I got quite a few comments on my new Big Bang Theory comic - some positive, some not. Some people agree with me, some don't, and others insist that the show is "cute", "sweet", and "funny". They don't understand how people who actually ARE what the show thinks it's representing can get upset by it.
Maybe I have a metaphor that can help shed some light on this:
I once saw a 1956 American comedy called "Teahouse of the August Moon" in which the American soldiers in Japan after WW2 try to civilize/Westernize the Japanese people.
Marlon Brando plays a character named Sakini (often pronounced Zuccini in the film). He wears tape over his eyes, dyes his hair black and wears yellow makeup, and speaks in a stilted Japanese accent. Over the course of the movie our soldier becomes charmed by the welcoming simplicity of the conquered Japanese people and even falls in love with a Geisha who has the delightful English name of Lotus Blossom.
It's sweet, cute, with shallowly written characters and a paper-thin story that at the time was seen as very progressive. It was rare to see Hollywood show Asians in a non-threatening light. It was based on a Tony Award AND Pulitzer Prize winning play (holy shit!) that in turn was based on a novel. Seeing an interracial romance? WOW! Having "Nips" and "Yanks" getting along? OMG DUDE! BIG PROGRESS!
Is it still racist? Oh HELL yes - it is VERY racist and VERY condescending. It's impossible to get this film on TV today and Brando pretty much brushed it under his career rug. No matter how positive the intention we still have a white guy mixing his r's and l's and squinting into the camera.
The more you think about it, the more slimy the movie is. It was made during the era when Americans occupied Japan right after nuking it. The Japanese are a proud, strong people and this was an impossible blow to their egos. What we are seeing in "Teahouse" is a conquered people being forcibly held down, neutered, and told "It's okay, we're all friends here!". There is no doubt who is dominant and who is being pressed into submission.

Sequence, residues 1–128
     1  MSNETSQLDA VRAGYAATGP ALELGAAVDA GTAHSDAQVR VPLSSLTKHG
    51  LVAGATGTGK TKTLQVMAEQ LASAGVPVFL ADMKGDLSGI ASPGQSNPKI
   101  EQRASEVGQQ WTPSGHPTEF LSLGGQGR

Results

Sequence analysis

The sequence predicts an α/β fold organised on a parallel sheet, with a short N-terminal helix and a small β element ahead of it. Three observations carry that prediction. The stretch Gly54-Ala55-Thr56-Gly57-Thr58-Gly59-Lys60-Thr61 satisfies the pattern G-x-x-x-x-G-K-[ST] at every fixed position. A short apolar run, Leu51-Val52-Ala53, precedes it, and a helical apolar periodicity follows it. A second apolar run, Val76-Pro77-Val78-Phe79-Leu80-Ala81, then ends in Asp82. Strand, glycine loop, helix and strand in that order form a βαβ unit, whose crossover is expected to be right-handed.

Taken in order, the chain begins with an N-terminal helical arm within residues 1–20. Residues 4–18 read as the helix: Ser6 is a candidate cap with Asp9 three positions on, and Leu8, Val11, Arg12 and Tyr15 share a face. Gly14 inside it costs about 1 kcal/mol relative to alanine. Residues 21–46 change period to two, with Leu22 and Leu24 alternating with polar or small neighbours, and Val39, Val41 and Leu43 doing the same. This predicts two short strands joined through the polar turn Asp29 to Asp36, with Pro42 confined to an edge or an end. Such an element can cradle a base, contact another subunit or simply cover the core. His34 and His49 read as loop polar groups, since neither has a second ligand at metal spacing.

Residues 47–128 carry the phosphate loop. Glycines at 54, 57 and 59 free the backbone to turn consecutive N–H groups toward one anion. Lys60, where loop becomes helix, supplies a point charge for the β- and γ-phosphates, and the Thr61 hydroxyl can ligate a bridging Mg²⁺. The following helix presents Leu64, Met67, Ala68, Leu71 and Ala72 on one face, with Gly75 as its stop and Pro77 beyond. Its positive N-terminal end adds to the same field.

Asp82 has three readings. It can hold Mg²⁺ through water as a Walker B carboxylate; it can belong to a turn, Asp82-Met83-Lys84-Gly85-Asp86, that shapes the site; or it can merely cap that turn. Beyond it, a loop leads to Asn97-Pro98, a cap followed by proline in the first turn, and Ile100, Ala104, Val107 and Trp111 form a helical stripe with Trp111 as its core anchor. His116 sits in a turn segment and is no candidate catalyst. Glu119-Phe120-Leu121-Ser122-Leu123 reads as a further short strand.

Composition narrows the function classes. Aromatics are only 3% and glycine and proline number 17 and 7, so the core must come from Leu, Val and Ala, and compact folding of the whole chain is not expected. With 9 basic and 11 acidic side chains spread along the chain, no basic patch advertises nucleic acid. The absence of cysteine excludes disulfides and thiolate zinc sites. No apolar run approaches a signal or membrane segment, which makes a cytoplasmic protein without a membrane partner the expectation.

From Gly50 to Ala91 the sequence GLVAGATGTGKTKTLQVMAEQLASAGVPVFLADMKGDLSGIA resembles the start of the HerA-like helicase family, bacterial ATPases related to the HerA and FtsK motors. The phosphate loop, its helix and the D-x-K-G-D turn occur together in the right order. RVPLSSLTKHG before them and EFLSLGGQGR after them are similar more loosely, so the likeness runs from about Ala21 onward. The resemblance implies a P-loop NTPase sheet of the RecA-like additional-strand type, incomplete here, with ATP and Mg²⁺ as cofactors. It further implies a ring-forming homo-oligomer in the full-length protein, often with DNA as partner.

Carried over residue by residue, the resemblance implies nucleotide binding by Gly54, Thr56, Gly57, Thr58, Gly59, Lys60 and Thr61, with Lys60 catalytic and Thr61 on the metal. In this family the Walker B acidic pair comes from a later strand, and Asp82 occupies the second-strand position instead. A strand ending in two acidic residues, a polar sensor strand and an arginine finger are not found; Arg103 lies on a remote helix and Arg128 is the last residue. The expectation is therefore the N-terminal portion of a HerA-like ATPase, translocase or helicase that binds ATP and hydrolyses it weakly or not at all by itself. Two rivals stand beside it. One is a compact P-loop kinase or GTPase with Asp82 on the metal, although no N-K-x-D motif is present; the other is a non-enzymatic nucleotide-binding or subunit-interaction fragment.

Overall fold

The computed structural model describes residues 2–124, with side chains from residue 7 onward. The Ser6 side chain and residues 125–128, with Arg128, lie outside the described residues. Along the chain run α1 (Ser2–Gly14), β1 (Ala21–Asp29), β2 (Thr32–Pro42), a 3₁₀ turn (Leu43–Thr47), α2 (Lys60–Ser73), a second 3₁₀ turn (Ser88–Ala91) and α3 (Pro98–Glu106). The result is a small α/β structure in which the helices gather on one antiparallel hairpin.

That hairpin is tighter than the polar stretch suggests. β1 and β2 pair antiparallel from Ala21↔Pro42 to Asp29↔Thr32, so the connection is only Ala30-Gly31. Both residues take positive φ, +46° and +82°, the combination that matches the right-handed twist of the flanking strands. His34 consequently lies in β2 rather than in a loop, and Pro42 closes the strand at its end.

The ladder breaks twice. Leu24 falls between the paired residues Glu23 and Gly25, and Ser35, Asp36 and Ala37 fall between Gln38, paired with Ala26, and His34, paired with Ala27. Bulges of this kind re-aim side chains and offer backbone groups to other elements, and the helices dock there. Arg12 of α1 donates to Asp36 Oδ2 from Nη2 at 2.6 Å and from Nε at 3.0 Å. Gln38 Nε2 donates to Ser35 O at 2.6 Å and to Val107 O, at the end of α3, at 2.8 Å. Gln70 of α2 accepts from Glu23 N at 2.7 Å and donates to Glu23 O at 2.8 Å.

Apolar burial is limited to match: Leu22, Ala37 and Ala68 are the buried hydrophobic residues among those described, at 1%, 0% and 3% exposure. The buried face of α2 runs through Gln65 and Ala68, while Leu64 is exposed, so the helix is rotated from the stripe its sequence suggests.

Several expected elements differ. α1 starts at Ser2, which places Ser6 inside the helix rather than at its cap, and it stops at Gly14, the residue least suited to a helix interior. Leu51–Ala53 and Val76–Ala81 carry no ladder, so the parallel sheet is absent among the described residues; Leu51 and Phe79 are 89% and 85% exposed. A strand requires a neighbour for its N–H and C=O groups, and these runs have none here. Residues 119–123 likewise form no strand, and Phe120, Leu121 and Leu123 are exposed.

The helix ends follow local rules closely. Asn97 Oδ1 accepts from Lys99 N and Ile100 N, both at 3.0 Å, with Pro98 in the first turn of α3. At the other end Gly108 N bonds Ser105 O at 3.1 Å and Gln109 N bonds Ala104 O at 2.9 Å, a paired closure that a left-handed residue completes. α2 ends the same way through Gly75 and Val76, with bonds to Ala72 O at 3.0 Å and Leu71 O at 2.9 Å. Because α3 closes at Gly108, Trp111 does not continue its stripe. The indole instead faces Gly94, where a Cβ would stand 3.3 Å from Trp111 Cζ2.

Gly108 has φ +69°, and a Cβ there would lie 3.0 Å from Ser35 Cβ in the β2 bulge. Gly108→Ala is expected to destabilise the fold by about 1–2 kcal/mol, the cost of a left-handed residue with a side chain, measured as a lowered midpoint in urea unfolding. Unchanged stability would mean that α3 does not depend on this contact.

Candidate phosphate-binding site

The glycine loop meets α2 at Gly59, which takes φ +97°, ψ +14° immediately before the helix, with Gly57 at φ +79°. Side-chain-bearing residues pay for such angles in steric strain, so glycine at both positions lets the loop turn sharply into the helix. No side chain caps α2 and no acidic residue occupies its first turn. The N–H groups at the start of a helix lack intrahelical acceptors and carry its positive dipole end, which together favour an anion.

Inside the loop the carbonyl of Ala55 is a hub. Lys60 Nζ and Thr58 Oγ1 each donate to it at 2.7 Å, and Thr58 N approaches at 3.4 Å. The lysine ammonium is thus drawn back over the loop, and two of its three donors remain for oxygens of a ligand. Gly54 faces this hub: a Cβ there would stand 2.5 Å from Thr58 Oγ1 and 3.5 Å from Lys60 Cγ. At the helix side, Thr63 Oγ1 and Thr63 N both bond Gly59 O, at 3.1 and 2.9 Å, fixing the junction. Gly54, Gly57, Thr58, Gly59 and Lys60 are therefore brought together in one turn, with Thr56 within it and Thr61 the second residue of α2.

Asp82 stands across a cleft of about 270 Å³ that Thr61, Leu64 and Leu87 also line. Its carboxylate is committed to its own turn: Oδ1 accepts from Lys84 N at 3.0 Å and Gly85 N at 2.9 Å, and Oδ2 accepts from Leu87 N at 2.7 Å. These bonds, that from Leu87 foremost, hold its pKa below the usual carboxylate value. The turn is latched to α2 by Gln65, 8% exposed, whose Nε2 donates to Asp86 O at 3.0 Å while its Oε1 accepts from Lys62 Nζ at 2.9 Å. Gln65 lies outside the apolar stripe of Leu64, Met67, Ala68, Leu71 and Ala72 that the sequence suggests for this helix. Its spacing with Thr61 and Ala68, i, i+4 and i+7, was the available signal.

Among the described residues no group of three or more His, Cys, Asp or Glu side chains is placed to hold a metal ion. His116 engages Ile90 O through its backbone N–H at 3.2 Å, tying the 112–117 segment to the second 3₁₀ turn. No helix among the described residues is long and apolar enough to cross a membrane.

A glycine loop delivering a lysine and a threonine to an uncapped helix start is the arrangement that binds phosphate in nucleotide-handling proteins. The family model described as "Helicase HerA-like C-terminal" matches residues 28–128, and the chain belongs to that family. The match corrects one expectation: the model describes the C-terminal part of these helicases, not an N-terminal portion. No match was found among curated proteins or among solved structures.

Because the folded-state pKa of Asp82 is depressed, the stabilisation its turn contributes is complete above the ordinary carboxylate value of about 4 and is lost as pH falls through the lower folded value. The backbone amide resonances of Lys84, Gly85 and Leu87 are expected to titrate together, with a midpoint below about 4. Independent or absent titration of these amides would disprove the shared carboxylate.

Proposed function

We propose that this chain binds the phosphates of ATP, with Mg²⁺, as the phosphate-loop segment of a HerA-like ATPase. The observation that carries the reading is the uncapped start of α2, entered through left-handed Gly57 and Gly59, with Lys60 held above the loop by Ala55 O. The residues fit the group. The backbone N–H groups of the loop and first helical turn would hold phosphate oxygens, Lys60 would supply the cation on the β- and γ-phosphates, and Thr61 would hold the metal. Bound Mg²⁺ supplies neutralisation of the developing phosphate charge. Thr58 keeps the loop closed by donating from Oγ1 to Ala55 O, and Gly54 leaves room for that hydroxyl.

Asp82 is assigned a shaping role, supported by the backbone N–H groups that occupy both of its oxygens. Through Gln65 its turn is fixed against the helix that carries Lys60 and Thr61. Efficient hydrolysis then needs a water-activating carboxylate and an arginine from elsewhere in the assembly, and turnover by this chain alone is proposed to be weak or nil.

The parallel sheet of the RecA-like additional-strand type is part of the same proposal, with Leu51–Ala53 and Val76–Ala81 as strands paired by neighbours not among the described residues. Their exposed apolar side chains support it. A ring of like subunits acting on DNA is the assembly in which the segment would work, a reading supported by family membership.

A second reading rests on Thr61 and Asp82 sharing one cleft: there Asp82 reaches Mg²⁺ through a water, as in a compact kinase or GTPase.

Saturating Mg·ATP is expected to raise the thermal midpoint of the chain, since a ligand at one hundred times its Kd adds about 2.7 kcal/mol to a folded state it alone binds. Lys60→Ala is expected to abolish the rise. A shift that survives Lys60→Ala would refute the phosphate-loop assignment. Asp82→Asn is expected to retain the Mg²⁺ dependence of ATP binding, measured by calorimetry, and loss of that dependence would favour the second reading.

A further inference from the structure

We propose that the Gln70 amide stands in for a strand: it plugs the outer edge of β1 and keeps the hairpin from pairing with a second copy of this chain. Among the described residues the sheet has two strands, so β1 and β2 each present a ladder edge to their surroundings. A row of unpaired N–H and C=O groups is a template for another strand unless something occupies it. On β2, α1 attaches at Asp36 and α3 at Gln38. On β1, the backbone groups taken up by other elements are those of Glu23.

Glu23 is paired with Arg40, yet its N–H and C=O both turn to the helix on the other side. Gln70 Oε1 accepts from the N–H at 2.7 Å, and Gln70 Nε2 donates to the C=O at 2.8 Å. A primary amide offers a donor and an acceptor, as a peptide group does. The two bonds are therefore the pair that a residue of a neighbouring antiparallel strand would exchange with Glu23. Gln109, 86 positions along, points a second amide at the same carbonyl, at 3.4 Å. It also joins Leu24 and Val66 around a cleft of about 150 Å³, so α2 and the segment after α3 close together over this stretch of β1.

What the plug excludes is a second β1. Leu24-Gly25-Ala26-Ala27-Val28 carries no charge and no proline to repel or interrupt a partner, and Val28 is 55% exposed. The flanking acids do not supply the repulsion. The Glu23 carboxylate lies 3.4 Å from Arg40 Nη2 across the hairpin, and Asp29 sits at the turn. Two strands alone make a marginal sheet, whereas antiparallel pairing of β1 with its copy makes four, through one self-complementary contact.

Sure, the Japanese in the movie fight back by being passive aggressively sassy, but they are never shown taking stands for their rights or, god forbid, demanding to be treated with basic human decency. That would scare the nervous white people with the guns, and we certainly don't want that.
I know that comparing Teahouse of the August Moon, which is fisting an open sore while telling knock knock jokes, to Big Bang Theory sounds absurd, but there are some serious similarities.
Thanks to the internet, nerds, introverts, and other social rejects are getting a voice for the first time in known history (no, I'm serious). Suddenly a people who no one even thought about are talking and gaining attention. It's no where near as big of a revolution as what the racial "minorities", women, Jews, and everyone in the LGBT circles have faced, but it's still scary to many people who are not used to sharing the spotlight.
The socially normal HAVE to adapt, and the best way people in power know how to adapt is to force something into submission, carve it into something more accessible to the ones who have always had their way, and giggle about how much fun we're all having even when it's not true.
I like to think that in fifty years we'll look back on BBT the way we look back on Teahouse, Amos & Andy, The Jazz Singer, Birth of a Nation, Cruising, The Crying Game, Will & Grace, Song of the South, various Looney Tunes shorts, and anything on this list www.imdb.com/list/jgCvvn6BvNw/ will be seen as part of an ugly, ignorant "bad old days".
Time marches on, someday this will all be in the past, and right now people see it as cheerful, fun, happy progress. Great.